MPs are calling for the sharing of whiplash fraud data to be made compulsory. They believe that doing so would help to clamp down on exaggerated and fabricated claims moving forward.
The Transport Select Committee (TSC) has criticised the slow progress in allowing insurers and solicitors to share data about potentially fraudulent claims. It was, of course, the transport select committee who oversaw last year’s vital whiplash report that helped to block further unnecessary reform.
What the TSC whiplash report says
In what is their fourth report on the cost of motor insurance premiums, the TSC states: “We are in no doubt fraudulent and exaggerated claims have been encouraged by the insurers’ practice of paying out for whiplash claims without a medical examination?”
“We strongly agree with the government’s intention to prohibit such offers, as part of the new system for independent medical panels or diagnosis and reporting.”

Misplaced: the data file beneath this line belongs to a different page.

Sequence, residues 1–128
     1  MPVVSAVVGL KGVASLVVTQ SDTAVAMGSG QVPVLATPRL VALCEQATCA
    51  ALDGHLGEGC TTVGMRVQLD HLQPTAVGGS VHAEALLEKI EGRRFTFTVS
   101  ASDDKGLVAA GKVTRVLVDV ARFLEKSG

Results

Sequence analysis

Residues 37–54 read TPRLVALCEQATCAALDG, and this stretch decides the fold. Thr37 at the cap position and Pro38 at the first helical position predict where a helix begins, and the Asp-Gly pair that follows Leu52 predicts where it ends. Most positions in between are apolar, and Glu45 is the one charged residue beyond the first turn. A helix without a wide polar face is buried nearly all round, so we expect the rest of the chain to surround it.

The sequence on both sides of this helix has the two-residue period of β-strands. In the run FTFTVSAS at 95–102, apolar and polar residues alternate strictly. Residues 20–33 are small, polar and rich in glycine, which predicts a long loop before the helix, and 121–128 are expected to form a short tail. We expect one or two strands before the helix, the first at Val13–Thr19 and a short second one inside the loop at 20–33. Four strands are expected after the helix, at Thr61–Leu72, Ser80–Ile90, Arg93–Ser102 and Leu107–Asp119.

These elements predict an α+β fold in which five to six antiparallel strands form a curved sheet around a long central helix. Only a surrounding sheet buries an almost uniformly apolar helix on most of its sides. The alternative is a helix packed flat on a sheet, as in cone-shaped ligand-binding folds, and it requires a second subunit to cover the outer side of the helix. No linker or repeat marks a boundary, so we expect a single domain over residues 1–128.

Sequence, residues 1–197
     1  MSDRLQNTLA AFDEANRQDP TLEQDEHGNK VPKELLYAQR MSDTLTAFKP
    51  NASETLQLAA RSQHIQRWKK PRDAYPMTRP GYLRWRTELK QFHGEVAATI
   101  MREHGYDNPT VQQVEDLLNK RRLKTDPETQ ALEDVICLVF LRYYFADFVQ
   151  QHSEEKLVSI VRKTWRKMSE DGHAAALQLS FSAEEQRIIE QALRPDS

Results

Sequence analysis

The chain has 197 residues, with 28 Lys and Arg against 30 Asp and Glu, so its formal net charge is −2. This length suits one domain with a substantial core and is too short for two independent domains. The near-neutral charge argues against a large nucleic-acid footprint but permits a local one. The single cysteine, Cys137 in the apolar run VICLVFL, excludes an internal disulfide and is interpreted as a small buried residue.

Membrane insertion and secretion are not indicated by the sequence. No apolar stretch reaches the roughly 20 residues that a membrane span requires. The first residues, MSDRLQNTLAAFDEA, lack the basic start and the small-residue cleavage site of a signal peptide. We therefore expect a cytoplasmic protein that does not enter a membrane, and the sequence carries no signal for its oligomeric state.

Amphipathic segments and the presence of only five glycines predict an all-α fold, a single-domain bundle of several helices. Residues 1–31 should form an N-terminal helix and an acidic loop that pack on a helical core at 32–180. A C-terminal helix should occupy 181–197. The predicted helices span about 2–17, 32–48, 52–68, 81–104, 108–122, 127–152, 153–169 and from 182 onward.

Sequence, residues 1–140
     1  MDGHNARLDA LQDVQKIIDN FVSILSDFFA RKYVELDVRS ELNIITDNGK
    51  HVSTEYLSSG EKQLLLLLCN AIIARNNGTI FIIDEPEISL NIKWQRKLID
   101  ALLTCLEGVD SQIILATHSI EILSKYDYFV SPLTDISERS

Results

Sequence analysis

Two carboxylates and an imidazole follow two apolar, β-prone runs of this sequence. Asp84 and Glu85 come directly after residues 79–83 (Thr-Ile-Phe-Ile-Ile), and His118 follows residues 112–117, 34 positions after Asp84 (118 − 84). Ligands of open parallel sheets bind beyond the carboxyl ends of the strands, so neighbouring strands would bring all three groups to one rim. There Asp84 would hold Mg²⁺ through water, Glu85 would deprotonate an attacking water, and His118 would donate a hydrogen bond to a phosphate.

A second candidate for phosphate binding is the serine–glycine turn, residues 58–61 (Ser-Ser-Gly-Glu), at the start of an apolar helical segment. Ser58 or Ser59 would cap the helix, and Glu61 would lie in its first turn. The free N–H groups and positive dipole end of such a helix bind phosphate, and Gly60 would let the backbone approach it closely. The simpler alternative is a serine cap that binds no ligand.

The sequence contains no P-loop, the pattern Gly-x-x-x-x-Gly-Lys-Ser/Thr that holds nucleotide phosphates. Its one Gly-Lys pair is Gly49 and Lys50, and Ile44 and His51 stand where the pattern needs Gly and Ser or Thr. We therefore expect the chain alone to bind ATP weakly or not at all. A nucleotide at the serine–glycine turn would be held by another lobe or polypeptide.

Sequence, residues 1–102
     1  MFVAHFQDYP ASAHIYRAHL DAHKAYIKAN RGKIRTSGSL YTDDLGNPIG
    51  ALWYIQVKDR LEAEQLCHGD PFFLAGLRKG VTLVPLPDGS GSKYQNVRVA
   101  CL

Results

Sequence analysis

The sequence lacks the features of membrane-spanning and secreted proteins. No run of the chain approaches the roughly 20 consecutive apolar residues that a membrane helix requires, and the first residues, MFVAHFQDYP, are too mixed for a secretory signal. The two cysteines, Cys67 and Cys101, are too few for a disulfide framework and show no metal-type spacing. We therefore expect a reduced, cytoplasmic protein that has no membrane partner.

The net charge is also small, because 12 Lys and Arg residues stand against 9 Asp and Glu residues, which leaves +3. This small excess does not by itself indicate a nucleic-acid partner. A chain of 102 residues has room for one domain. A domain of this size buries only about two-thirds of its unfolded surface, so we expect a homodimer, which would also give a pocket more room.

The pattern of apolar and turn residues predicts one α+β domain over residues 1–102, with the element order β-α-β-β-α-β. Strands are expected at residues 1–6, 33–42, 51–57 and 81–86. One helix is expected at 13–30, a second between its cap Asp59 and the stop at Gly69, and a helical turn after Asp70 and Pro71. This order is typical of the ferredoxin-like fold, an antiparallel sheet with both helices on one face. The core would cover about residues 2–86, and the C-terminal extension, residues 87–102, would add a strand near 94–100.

The report also fired a warning regarding new evidence of a potentially dishonest practice being used by solicitors. It suggests that some could be ordering additional medical reports on psychological harm arising from road traffic accidents. The ABI has suggested that this was happening in two per cent of whiplash, neck and back injury claims. This number has doubled the amount prior to 2011.
As a result of the report, the committee are now urging the government to act immediately. They have recommended that it is ensured that better data exists. They also stated that this data needed to be accessible to solicitors and insurers alike.
The TSC report also calls into question how the ABI had managed to come to the conclusion that there had been almost 60,000 dishonest motor claims in 2013. They have called for ministers to ask further question on this.
In summary, the report says: “The government must continue to engage with interested parties, rather than just with the insurance industry, as has been the case in the past. It must all make sure that its reforms lead to sustainable reduction in motor insurance premiums, which must not be allowed to bounce back to the extraordinary high levels of the turn of the decade.”
The findings of the report will be welcomed by the personal injury profession. For the most part the report was positive. This is good news considering the strong influence the TSC have had on the government’s decision in the past.